Cosmogenic 32P and 33P in Rainwater and Plankton off Bermuda and Implications for Phosphorus Cycling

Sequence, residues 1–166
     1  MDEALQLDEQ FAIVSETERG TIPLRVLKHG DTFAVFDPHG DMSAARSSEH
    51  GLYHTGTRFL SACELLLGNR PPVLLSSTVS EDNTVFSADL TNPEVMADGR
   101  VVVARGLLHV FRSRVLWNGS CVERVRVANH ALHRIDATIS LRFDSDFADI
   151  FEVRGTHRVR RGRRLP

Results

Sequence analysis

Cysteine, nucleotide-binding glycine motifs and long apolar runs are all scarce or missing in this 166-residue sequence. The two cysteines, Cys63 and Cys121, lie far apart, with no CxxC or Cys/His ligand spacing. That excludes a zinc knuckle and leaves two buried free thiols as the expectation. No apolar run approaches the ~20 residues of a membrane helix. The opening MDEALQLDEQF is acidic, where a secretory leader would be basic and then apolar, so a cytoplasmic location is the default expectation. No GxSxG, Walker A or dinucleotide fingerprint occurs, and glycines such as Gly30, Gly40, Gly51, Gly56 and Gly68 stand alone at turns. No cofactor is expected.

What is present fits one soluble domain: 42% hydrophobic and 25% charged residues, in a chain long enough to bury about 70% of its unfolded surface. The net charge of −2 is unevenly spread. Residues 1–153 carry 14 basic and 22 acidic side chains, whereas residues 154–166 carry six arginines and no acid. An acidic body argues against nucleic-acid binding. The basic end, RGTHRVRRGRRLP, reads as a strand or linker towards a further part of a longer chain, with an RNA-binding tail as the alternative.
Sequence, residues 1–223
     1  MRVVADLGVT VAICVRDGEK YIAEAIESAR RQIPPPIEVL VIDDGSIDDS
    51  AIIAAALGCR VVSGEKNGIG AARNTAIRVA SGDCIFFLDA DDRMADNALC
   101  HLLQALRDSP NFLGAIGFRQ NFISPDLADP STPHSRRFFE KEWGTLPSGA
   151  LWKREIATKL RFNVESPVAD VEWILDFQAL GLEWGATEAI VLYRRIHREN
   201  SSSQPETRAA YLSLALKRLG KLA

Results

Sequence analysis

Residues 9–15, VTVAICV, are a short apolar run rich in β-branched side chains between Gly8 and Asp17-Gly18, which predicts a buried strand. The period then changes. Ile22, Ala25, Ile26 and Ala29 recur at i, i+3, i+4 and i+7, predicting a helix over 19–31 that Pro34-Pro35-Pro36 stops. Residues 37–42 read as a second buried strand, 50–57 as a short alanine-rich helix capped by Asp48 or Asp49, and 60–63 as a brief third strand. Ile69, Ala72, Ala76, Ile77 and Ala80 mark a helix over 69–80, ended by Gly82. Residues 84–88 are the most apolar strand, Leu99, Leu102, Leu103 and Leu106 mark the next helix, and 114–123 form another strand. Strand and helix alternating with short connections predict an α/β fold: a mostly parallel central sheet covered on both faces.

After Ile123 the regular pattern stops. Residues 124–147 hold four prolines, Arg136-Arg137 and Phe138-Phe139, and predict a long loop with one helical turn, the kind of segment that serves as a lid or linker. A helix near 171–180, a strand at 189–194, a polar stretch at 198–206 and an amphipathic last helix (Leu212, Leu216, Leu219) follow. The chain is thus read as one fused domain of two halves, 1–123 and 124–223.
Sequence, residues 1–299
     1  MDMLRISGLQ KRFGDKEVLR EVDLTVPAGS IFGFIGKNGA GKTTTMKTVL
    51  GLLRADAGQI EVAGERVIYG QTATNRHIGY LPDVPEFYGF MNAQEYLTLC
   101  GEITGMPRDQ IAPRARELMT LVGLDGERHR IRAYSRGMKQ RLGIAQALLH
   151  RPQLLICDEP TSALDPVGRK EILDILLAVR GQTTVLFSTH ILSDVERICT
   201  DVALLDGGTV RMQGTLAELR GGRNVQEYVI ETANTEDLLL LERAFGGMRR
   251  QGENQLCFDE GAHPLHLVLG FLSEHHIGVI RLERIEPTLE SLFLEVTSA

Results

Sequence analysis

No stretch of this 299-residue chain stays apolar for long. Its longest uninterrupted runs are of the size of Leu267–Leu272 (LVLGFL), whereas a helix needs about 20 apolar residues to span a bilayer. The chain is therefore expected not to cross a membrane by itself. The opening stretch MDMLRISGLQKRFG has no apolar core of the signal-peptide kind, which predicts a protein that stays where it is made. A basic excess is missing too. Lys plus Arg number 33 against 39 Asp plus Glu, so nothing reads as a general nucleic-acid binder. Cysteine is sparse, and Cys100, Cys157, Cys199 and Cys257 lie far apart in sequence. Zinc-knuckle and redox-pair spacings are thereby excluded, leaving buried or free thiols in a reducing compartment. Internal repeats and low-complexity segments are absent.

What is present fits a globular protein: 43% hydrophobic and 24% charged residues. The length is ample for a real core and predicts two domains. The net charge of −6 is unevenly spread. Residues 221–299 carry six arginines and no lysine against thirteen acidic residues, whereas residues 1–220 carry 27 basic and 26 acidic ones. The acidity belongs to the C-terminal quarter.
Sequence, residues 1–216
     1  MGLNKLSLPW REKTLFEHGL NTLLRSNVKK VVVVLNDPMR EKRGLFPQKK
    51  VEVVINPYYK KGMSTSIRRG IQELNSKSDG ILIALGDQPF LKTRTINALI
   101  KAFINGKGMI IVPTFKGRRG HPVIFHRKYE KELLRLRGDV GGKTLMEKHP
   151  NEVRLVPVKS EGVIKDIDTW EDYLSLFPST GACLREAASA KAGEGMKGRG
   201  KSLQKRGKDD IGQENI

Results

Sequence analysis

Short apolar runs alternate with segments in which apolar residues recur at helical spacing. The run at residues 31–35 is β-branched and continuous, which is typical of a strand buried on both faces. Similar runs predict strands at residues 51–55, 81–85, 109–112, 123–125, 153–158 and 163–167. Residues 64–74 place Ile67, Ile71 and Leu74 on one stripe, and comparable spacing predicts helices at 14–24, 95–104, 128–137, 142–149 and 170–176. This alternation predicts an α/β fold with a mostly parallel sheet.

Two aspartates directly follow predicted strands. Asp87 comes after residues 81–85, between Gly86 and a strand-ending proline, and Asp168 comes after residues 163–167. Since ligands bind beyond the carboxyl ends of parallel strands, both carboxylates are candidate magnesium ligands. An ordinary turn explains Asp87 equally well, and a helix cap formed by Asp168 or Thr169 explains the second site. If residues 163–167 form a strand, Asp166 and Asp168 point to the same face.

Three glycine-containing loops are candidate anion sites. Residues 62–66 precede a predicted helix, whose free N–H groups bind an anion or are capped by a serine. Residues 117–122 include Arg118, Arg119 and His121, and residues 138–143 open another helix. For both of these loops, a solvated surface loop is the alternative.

Measurements of 32P (half-life: 14.28 days) and 33P (half-life: 25.3 days), two cosmic ray-produced phosphorus radioisotopes, were made at the Bermuda site in rainwater and Zooplankton. The activity ratio 33P/32P was close to 1 in rainwater collected from precipitation which occurred during the spring of 1991. In contrast, the plankton collected offshore of the island with a 125-μm net had ratios ranging from 1.4 to 3. Assuming that isotopic fractionation is small and that precipitation is the only supply of the cosmogenic isotopes to the ocean, the increase in the 33P/32P ratio in plankton relative to rain can be interpreted as aging of the phosphorus in that pool, or in the pool from which it is derived. This is because of the differential radioactive decay rates of 32P and 33P. From this preliminary data set, we suggest that 33P/32P could be used as an in situ tracer to estimate rates of phosphorus export and the cycling among the various phosphorus pools in the upper ocean.